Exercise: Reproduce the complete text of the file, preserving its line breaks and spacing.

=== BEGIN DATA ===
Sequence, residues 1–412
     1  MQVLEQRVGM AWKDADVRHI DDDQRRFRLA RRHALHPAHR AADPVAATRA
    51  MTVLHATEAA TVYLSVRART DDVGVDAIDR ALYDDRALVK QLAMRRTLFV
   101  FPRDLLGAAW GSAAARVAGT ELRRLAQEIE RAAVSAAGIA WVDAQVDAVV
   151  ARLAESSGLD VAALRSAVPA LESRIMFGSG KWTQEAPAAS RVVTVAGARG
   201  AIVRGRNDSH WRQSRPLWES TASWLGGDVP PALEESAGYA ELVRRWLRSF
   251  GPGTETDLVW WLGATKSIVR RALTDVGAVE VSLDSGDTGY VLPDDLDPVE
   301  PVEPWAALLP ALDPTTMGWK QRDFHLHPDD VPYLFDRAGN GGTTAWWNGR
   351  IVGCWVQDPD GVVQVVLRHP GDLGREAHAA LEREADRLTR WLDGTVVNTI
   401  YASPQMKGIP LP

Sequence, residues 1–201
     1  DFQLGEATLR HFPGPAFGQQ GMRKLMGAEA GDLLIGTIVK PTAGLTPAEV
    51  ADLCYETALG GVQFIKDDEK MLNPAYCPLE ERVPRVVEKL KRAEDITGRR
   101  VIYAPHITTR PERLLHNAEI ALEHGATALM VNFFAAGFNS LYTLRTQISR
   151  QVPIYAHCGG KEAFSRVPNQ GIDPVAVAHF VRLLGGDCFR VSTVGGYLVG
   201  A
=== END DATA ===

Sequence, residues 1–412
     1  MQVLEQRVGM AWKDADVRHI DDDQRRFRLA RRHALHPAHR AADPVAATRA
    51  MTVLHATEAA TVYLSVRART DDVGVDAIDR ALYDDRALVK QLAMRRTLFV
   101  FPRDLLGAAW GSAAARVAGT ELRRLAQEIE RAAVSAAGIA WVDAQVDAVV
   151  ARLAESSGLD VAALRSAVPA LESRIMFGSG KWTQEAPAAS RVVTVAGARG
   201  AIVRGRNDSH WRQSRPLWES TASWLGGDVP PALEESAGYA ELVRRWLRSF
   251  GPGTETDLVW WLGATKSIVR RALTDVGAVE VSLDSGDTGY VLPDDLDPVE
   301  PVEPWAALLP ALDPTTMGWK QRDFHLHPDD VPYLFDRAGN GGTTAWWNGR
   351  IVGCWVQDPD GVVQVVLRHP GDLGREAHAA LEREADRLTR WLDGTVVNTI
   401  YASPQMKGIP LP

Sequence, residues 1–201
     1  DFQLGEATLR HFPGPAFGQQ GMRKLMGAEA GDLLIGTIVK PTAGLTPAEV
    51  ADLCYETALG GVQFIKDDEK MLNPAYCPLE ERVPRVVEKL KRAEDITGRR
   101  VIYAPHITTR PERLLHNAEI ALEHGATALM VNFFAAGFNS LYTLRTQISR
   151  QVPIYAHCGG KEAFSRVPNQ GIDPVAVAHF VRLLGGDCFR VSTVGGYLVG
   201  A